OVDP was withdrawn
In early November 2018, the IRS made the following announcement – http://www.mooresrowland.tax/2018/11/new-irs-compliance-campaigns-related-to.html
In late November, 2018, we received a Memorandum from Kristen B. Wielobob, Deputy Commissioner for Services and Enforcement, re Voluntary Disclosure Practice (LB&I-09-1118-014 dated 11/20/18), https://drive.google.com/open?id=1un1DyuAQ480S1cvAL9YLNjh08OaUUUmc.
Summary of the memo from https://ecoteam.wpmudev.host/2018/11/new-irs-voluntary-disclosure-procedures.html is as follows –
Note: The above reference link was live on April 2019, but it has since been taken down.
1. The guidance applies to all voluntary disclosures, whether offshore or otherwise, received after 9/28/18. Readers will recall that that date was the conclusion of the IRS’s OVDP 2014, the program (with predecessors) that applied to offshore voluntary disclosures. But, remember that this guidance applies to all voluntary disclosures.
2. Voluntary disclosures are for the bad actors — those with potential criminal exposure. Here is the relevant paragraph:
The objective of the voluntary disclosure practice is to provide taxpayers concerned that their conduct is willful or fraudulent, and that may rise to the level of tax and tax-related criminal acts, with a means to come into compliance with the law and potentially avoid criminal prosecution.
For those without criminal exposure, as with OVDP, the IRS has other procedures, including filing amended returns (that may be qualified amended returns avoiding the accuracy related penalties) and the special procedures for correcting offshore filings outside OVDP. (see streamlined here https://www.htj.tax/
3. The practice covers tax and tax-related criminal acts, so tax-related FBAR violations are included.
4. Voluntary disclosure starts with the taxpayer submitting to CI a preclearance request under Form 14457
5. Upon acceptance, the taxpayer is notified and the case then processed for civil examination (going through LB&I Austin). The case will be transferred to the appropriate civil division for examination. All voluntary disclosures will follow “standard examination procedures,” requiring that examiners develop the case with its usual information gathering tools.
6. The civil resolution framework (apparently inspired by OVDP and its various iterations) is (this is just cut and paste because the actual wording is so important):
a) In general, voluntary disclosures will include a six-year disclosure period. The disclosure period will require examinations of the most recent six tax years. Disclosure and examination periods may vary as described below:
i. In voluntary disclosures not resolved by agreement, the examiner has discretion to expand the scope to include the full duration of the noncompliance and may assert maximum penalties under the law with the approval of management.
ii. In cases where noncompliance involves fewer than the most recent six tax years, the voluntary disclosure must correct noncompliance for all tax periods involved.
iii. With the IRS’ review and consent, cooperative taxpayers may be allowed to expand the disclosure period. Taxpayers may wish to include additional tax years in the disclosure period for various reasons (e.g., correcting tax issues with other governments that require additional tax periods, correcting tax issues before a sale or acquisition of an entity, correcting tax issues relating to unreported taxable gifts in prior tax periods).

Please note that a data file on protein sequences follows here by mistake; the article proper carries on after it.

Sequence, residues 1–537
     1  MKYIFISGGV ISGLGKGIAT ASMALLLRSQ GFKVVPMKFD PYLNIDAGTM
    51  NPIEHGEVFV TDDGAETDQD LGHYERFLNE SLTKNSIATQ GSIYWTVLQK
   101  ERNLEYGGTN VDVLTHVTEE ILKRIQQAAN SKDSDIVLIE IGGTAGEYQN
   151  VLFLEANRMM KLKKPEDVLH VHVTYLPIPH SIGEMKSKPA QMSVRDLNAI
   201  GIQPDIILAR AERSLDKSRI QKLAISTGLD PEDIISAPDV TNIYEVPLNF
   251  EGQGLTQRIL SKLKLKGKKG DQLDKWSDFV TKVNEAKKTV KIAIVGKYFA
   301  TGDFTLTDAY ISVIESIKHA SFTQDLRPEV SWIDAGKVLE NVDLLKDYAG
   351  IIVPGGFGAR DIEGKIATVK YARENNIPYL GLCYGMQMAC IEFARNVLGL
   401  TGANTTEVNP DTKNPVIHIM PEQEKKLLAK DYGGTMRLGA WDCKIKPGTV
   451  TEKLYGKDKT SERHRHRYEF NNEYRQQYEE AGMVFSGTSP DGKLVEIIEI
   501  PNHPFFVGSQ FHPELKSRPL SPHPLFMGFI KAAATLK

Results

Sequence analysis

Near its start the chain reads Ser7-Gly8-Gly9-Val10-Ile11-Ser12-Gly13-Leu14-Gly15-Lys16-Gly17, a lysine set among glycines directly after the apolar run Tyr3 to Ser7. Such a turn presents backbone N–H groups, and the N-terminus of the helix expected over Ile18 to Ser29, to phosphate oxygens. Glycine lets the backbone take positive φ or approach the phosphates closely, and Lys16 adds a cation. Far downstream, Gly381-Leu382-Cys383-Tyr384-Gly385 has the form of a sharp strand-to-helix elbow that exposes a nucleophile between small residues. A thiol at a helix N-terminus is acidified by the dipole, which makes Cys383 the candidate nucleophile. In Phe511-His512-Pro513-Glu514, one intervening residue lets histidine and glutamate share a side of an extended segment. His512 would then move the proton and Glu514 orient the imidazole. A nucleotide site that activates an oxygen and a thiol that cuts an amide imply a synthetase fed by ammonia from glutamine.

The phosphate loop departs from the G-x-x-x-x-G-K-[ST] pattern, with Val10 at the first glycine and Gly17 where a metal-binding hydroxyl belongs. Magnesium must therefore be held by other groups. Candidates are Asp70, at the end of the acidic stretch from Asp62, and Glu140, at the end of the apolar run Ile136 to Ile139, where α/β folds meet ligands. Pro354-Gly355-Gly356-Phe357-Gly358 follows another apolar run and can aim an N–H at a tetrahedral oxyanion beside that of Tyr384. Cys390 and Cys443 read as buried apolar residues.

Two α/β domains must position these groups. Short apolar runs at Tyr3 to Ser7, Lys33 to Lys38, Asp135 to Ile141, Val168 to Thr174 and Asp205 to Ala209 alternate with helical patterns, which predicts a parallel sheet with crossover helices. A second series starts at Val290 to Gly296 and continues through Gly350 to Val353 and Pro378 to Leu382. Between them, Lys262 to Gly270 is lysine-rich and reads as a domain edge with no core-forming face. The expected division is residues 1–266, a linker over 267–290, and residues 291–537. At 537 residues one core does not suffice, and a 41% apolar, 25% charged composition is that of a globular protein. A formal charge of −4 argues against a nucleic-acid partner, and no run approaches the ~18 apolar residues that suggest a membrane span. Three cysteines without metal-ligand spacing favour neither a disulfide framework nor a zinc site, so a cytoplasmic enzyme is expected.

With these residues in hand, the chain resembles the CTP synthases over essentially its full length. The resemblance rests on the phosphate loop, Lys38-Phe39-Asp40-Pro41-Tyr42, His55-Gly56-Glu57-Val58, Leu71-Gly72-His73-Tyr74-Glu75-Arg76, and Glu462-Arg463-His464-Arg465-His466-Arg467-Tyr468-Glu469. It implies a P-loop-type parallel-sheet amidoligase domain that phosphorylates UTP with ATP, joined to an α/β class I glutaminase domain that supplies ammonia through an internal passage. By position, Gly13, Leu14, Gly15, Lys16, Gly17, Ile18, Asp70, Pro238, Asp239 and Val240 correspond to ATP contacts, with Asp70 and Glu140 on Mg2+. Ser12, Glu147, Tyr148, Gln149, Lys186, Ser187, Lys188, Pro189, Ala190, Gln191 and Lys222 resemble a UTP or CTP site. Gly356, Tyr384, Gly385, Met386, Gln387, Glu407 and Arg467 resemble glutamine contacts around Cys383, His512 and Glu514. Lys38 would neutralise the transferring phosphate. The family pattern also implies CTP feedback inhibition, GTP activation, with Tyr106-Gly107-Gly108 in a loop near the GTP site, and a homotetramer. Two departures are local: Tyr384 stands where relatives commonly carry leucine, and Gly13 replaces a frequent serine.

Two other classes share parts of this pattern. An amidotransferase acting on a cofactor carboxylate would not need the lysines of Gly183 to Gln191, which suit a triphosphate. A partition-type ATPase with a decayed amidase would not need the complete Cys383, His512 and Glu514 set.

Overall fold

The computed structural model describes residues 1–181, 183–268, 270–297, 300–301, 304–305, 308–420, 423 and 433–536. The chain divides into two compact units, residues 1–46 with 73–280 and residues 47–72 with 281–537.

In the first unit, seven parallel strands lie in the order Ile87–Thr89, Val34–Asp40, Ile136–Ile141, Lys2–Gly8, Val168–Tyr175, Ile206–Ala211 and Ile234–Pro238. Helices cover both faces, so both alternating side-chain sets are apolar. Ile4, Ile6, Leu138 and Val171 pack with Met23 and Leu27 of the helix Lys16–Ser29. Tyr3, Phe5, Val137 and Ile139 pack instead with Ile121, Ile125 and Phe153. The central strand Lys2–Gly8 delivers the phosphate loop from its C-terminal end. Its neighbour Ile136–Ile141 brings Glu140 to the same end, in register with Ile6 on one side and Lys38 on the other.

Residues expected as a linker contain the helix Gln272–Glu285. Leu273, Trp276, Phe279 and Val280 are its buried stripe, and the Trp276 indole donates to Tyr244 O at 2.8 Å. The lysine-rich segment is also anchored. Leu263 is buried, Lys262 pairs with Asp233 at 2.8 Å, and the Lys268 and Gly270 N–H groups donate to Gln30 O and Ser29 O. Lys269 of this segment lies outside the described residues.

b) Taxpayers must submit all required returns and reports for the disclosure period.
c) Examiners will determine applicable taxes, interest, and penalties under existing law and procedures. Penalties will be asserted as follows:
i. Except as set forth below, the civil penalty under I.R.C. § 6663 for fraud or the civil penalty under I.R.C. § 6651(f) for the fraudulent failure to file income tax returns will apply to the one tax year with the highest tax liability. For purposes of this memorandum, both penalties are referred to as the civil fraud penalty.
ii. In limited circumstances, examiners may apply the civil fraud penalty to more than one year in the six-year scope (up to all six years) based on the facts and circumstances of the case, for example, if there is no agreement as to the tax liability.
iii. Examiners may apply the civil fraud penalty beyond six years if the taxpayer fails to cooperate and resolve the examination by agreement.
iv. Willful FBAR penalties will be asserted in accordance with existing IRS penalty guidelines under IRM 4.26.16 and 4.26.17.
v. A taxpayer is not precluded from requesting the imposition of accuracy related penalties under I.R.C. § 6662 instead of civil fraud penalties or non-willful FBAR penalties instead of willful penalties. Given the objective of the voluntary disclosure practice, granting requests for the imposition of lesser penalties is expected to be exceptional. Where the facts and the law support the assertion of a civil fraud or willful FBAR penalty, a taxpayer must present convincing evidence to justify why the civil fraud penalty should not be imposed.
vi. Penalties for the failure to file information returns will not be automatically imposed. Examiner discretion will take into account the application of other penalties (such as civil fraud penalty and willful FBAR penalty) and resolve the examination by agreement.